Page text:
Cooking good food is one of my passions. Unfortunately for my waistline, eating good foods is also a passion. One thing I have realized as I have thought about potential blog posts, is the strong desire I have to cook things from scratch, when it is practical. I think our family is not alone in experiencing that mad dash to the dinner table many nights, but some nights allow for us to experience meals, or parts of meals cooked from scratch. One thing we like to make from time to to time is homemade tortillas. We can look at flour tortillas in a different post.
One thing I that think is important in educating my kids about life is to help them understand where things come from. I think it is important for them to experience foods made from scratch, because they can experience for themselves just where food comes from.
About Corn Tortillas
Traditionally, Nixtamal, a mixture of maize (corn), and lime water is used in the preparation of tortillas. If you have the inclination, you may be able to find the ingredients you need to prepare the corn tortillas from freshly prepared corn at local supermarkets, or Mexician specialty supermarkets such as Vallarta.
An easier alternative is to use masa harina (or instant corn flour.) This is a prepackaged, dry flour mix that can be found in most supermarkets near the regular wheat flour. Simply follow the directions to mix this maize flour with water to make the dough. It is just that easy!
Another alterative might be fresh masa preparada from a local Mexican specialty supermarket or restaurant. This is going to be the freshest bet.
Shape the dough into slightly smaller than golf-ball-sized balls, and place them in a large bowl covered with plastic wrap in order to prevent them from drying out.
Forming the Tortillas
To the left, my then three-year-old daughter is demonstrating just how easy this process is, as in, “it is so easy even a three-year-old can do it.”
My daughter here is using a tortilla press, which is certainly worth the investment, if you plan on making this a regular thing. If this is just a one-time deal, or if you want to spare yourself the trouble or expense, you can also use a rolling pin and roll-out the tortillas between two pieces of wax paper, or plastic wrap. Even if you use the tortilla press, a piece of plastic wrap is important in the process. Remember that this dough will be a bit sticky, so the plastic wrap or wax paper helps keep it from sticking to surfaces.
It should be noted that some people actually prefer corn tortillas that are rolled out instead of pressed. This is because the tortillas turn out thinner when they are rolled than they do when they are pressed. If you do not have a rolling pin, then a clean dowel,or an emptied and washed bottle can work just as well. Yes, you can use the sanitized empty beer bottle, we won’t tell your mom. You’d better make sure you wash behind your ears though.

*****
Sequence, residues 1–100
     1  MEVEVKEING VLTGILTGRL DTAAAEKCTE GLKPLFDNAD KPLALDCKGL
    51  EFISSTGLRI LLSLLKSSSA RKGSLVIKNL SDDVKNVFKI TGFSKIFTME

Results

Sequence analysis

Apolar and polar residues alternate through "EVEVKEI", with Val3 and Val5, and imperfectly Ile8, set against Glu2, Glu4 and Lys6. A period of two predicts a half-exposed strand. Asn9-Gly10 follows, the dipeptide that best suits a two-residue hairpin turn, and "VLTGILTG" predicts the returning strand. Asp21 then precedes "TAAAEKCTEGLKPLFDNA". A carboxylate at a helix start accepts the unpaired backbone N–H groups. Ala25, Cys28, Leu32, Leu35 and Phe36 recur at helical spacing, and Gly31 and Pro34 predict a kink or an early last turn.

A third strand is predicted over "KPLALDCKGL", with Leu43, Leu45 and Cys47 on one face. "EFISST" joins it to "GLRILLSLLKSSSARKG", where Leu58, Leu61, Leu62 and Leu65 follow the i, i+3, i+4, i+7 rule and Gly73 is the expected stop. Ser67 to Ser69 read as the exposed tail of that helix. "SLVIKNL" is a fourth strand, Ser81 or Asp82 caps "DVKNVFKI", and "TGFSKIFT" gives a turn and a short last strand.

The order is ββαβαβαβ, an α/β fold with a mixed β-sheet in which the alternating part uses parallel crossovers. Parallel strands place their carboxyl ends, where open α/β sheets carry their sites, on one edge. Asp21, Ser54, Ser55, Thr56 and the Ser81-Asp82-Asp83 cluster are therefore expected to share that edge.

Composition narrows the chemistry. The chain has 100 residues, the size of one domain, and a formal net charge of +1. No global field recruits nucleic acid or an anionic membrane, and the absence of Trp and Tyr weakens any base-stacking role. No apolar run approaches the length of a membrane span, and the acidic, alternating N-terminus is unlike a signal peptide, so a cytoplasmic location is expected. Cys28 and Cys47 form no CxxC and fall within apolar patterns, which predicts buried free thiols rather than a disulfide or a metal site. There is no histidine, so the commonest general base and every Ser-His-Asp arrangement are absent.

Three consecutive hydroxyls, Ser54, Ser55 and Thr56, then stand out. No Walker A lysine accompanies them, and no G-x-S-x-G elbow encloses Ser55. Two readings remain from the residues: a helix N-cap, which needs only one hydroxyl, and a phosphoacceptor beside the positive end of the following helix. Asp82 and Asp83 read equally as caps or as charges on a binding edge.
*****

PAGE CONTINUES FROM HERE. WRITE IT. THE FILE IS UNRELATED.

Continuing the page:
One trick for a more round tortilla, is to start with the balls of dough well rounded before you press them. The more round they are to start with, the more round they will be in the end after you press them or roll them out.
Don’t worry if your tortilla more resembles a map of Florida than it does the nicely round tortillas you see in the supermarket. Remember those are mass produced, and your tortilla has much more character and personality (and might I add, flavor!) If making round tortillas is important to you, then rest assured, it does get better with practice. In the meantime, empty another beer bottle, relax, and be prepared to eat the evidence.
Cooking the Tortillas
Preheat a griddle or skillet on your stove-top at medium heat. You can cook them on a cast iron griddle if you have one. Alternatively, you can use a cast iron skillet, or a flat skillet.
Make the tortillas, and cook them one at a time. Cook them for about one minute on each side. Remove the tortilla from the heat, and place on a plate wrapped inside a tea towel. Continue cooking until you have prepared all of the tortillas you have made.
A Lesson in Tortilla Humility
As my daughter and I prepared these tortillas, my wife could not help but saunter in and offer up advice from her Mexican heritage. My wife then proceeded to make one of the tortillas, as a part of her lesson for our daughter. Above, you can see the tortillas each of them made. Yes, it is exactly what you think. Our daughter made the round one, and my wife made the one that looks like a distorted map of Texas. The great thing was that after a good laugh, that just made everything even more fun!
Of course the best part of making the tortillas is enjoying the finished product. Hopefully my daughter and I were able to inspire you to try it on your own sometime. If you want to try them all the way from scratch, Alton Brown has a good tutorial.